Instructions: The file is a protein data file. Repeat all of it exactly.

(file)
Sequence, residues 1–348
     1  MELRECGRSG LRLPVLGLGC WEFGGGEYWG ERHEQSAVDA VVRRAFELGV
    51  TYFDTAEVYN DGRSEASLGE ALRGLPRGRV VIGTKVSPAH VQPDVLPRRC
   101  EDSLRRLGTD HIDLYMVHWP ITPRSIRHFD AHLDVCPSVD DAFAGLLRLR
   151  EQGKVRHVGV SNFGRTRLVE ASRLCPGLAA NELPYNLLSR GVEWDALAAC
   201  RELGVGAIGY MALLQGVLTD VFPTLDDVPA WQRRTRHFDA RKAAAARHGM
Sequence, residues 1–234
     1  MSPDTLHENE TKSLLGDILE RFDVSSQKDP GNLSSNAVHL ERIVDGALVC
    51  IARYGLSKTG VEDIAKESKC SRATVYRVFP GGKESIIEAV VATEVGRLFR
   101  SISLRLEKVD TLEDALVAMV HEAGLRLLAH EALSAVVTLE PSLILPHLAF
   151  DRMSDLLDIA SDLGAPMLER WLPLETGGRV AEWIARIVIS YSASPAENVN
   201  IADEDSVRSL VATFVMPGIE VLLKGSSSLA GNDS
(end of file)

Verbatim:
Sequence, residues 1–348
     1  MELRECGRSG LRLPVLGLGC WEFGGGEYWG ERHEQSAVDA VVRRAFELGV
    51  TYFDTAEVYN DGRSEASLGE ALRGLPRGRV VIGTKVSPAH VQPDVLPRRC
   101  EDSLRRLGTD HIDLYMVHWP ITPRSIRHFD AHLDVCPSVD DAFAGLLRLR
   151  EQGKVRHVGV SNFGRTRLVE ASRLCPGLAA NELPYNLLSR GVEWDALAAC
   201  RELGVGAIGY MALLQGVLTD VFPTLDDVPA WQRRTRHFDA RKAAAARHGM
Sequence, residues 1–234
     1  MSPDTLHENE TKSLLGDILE RFDVSSQKDP GNLSSNAVHL ERIVDGALVC
    51  IARYGLSKTG VEDIAKESKC SRATVYRVFP GGKESIIEAV VATEVGRLFR
   101  SISLRLEKVD TLEDALVAMV HEAGLRLLAH EALSAVVTLE PSLILPHLAF
   151  DRMSDLLDIA SDLGAPMLER WLPLETGGRV AEWIARIVIS YSASPAENVN
   201  IADEDSVRSL VATFVMPGIE VLLKGSSSLA GNDS